Notably, NuvaRing is not available as a generic and seven of the carriers interviewed apply RRM limitations and/or cost-sharing to the NuvaRing. Their rationale is that the chemical compounds are the same as other covered forms of contraception that are covered with no RMM limitations and no cost-sharing. Essentially, these carriers do not consider different delivery mechanisms that use the same active ingredients to constitute a separate and distinct form of FDA-approved contraceptive. This can also limit coverage without cost-sharing to implants and contraceptive patches.
The ella emergency contraceptive pill does not have a generic equivalent. Six carriers do not make ella available without cost-sharing and two carriers do not cover ella at all. We were not able to determine one carrier’s cost-sharing for ella. This is of potential concern given recent findings that ella has a longer time window of effectiveness and may be a more preferable choice than Plan B or the generic equivalents to Plan B for women with higher BMIs.
All carriers interviewed reported that IUD and implant coverage includes the office visits necessary for insertion and removal with no cost-sharing. Likewise, carriers include the office visit for injections. However, this policy was not clearly reported or documented in all plan materials. In addition, there is considerable uncertainty about the extent to which ancillary services associated with female sterilization, such as anesthesia or follow up care, would be covered with no cost-sharing.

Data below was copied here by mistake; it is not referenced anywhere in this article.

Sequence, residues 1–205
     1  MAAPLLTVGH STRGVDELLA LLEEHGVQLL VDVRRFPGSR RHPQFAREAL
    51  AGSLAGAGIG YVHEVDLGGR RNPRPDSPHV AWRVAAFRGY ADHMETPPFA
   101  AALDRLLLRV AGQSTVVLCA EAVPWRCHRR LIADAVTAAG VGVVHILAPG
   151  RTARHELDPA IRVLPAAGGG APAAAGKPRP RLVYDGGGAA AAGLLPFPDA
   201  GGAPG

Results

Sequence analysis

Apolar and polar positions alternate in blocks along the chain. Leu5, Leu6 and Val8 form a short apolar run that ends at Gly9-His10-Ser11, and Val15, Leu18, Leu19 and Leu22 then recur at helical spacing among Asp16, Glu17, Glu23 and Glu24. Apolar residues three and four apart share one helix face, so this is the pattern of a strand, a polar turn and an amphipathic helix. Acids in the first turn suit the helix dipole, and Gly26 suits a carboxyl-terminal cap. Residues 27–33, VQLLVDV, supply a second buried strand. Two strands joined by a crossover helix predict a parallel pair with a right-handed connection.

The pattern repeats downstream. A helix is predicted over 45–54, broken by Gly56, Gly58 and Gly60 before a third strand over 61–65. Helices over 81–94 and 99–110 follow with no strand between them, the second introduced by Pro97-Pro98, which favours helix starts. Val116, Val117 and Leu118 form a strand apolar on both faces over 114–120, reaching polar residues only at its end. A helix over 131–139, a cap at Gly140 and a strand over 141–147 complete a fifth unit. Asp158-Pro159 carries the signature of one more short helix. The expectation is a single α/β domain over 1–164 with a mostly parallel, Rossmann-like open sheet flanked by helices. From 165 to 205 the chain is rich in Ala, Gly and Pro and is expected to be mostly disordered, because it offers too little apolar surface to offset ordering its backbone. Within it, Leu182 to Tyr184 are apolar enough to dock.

Despite significant national attention to the availability of a religious accommodation, the carriers reported that very few employers using their plans elected the accommodation. Carriers did not identify difficulties in implementing the accommodation and none of the carriers with self-funded lines of business anticipate seeking reimbursement through a reduction in the fees they pay the Federally Facilitated Marketplace.
One of the cross-cutting findings of this analysis was how difficult it is to ascertain the limits on contraceptive coverage used by different carriers. The contraceptive coverage policies used by health insurance carriers were not easily accessible. Many carriers we approached for this project were unwilling to participate in an interview; only 9 out of 24 carriers invited agreed to be interviewed. Furthermore, the individuals that did participate in interviews, such as medical directors, pharmacy care managers, public policy executives, attorneys and others, were sometimes unable to respond to the full range of contraceptive topics addressed in this study. This information is even more opaque in many of the plan materials available to policyholders. Many of the publicly available documents do not clearly identify plan coverage rules when it comes to how different contraceptive methods are covered and the limitations of the coverage. This makes it extremely difficult, if not impossible for women in some plans to ascertain their coverage options. This also makes it difficult for women to determine coverage while comparing plans during open enrollment.